On this day we must remember with much respect those who sacrificed their lives in Dacca in 1952 for the cause of their language. In 1948, the government of Pakistan declared Urdu as the sole state language of Pakistan. This led to protests in Bengali-speaking East Pakistan. They demanded that Bengali be accorded the status of the state language of the country, along with Urdu. The government of Pakistan rejected their demand. On this day in 1952, a large number of students and other citizens had gathered at Dacca university to protest against the government’s decision. The police fired at the demonstrators, which resulted in the death of some students. This was very probably the first time a language movement had its martyrs.
In 1999, UNESCO declared February 21 to be the International Mother Language Day and underlined the importance of the preservation and the protection of all languages. The best way to achieve this laudable and inclusive objectiveis, in our view, to provide for education in the mother languageof the learner in, at least, the early stage. Years before, UNESCO had indeed emphasized the importance of primary education in the child’s mother languagein the form of a recommendation.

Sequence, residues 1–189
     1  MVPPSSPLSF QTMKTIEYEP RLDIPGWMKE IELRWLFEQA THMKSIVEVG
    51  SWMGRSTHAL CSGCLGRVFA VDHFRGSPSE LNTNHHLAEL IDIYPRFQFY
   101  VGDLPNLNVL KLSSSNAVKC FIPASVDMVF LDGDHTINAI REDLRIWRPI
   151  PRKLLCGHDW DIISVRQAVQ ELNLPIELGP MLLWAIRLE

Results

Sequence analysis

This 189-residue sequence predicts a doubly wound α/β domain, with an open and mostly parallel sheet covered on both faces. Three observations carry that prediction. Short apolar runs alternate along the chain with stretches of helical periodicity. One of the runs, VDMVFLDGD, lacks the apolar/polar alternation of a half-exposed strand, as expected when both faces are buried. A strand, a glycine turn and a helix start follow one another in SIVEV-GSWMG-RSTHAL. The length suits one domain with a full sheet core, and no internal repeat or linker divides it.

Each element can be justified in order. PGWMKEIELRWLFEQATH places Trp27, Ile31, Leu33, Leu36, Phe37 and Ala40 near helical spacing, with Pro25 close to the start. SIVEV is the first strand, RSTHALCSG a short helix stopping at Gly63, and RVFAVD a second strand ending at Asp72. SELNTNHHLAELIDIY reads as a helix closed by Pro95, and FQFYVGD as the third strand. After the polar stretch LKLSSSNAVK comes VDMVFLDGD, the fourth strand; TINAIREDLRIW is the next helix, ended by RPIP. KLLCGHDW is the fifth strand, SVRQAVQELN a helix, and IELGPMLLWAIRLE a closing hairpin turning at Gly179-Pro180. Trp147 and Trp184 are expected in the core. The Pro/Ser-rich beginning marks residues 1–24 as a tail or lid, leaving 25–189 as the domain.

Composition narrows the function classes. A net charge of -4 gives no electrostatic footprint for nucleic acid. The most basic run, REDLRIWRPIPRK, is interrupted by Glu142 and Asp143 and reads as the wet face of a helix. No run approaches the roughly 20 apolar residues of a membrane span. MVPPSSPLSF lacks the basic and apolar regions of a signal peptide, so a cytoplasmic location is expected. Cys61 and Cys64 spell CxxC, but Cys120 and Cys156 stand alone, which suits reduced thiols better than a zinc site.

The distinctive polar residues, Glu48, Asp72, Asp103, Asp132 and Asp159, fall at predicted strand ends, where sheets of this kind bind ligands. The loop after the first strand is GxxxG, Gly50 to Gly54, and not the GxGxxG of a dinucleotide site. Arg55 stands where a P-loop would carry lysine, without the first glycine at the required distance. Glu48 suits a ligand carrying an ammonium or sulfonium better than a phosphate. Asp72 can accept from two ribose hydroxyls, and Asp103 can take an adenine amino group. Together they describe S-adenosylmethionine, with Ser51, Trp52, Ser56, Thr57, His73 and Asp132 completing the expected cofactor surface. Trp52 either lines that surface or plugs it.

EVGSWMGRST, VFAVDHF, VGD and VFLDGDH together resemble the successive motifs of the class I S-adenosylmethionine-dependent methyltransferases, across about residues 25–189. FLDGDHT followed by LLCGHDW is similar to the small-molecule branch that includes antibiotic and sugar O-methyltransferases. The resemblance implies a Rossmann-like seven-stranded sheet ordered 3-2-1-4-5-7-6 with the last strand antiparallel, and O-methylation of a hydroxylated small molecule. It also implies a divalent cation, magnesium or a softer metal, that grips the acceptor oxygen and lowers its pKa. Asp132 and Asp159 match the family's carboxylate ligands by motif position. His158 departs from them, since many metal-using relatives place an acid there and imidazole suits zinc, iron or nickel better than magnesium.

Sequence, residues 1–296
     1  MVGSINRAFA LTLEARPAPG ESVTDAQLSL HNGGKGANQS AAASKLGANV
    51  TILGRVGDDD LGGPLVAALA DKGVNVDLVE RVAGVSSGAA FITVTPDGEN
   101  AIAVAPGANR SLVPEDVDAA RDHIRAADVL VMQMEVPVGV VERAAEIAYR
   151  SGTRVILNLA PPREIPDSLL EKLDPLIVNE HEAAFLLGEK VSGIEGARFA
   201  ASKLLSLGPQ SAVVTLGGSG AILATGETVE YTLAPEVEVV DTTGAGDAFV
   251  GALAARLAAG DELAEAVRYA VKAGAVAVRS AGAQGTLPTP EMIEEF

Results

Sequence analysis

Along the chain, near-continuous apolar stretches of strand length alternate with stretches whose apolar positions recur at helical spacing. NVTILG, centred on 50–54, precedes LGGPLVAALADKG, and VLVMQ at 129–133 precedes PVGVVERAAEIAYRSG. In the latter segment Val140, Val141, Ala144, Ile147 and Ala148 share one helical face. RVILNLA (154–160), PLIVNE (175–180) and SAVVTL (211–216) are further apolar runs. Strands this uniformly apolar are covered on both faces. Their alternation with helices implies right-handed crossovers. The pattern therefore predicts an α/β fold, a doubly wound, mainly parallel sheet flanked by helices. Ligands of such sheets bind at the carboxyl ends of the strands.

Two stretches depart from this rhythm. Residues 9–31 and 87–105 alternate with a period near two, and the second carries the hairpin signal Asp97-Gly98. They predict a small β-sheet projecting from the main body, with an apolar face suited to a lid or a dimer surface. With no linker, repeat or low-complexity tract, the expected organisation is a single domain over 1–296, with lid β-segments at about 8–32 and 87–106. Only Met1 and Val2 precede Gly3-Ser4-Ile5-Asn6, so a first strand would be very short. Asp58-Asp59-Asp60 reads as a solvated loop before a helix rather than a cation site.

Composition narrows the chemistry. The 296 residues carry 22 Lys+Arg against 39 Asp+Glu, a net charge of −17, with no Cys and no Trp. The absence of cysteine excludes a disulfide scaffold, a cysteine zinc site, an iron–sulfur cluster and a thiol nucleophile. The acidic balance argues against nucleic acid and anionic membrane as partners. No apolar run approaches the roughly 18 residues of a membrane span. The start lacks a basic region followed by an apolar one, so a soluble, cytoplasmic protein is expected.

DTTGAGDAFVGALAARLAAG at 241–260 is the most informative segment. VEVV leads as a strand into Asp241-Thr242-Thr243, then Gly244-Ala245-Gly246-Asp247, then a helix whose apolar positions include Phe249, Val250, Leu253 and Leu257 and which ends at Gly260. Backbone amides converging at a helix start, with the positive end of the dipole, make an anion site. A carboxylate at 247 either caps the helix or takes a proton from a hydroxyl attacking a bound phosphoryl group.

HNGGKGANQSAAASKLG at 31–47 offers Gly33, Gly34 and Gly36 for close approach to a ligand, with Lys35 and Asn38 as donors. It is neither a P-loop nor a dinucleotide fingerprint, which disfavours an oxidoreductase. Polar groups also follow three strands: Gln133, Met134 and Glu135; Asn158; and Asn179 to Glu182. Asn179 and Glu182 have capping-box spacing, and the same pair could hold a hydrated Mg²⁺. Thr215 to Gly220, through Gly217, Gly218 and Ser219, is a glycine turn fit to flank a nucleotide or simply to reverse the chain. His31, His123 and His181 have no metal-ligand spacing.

There is sound justification for this from the point of view of language learning. It needs to be noted that in making the recommendation, UNESCOobviously did not have in mind literate languages with a literary tradition, such as Odia, Tamil, Hindi, Bengali, Telugu, etc., restricting the list to the Indian languages. It is well-known that for decades, these languages have been used as the medium of instruction up to the high school stage. The recommendation was really intended for what is called these days the “endangered languages” – languages at different threat-levels with respect to their existence.
Incidentally, a language must not be defined as one that has a written form. American structural linguists were right when they said the language is primarily speech. There are many languages that are only spoken but not written, but there are no natural(that is, not “constructed”) languages that are only written, not spoken, now or ever before.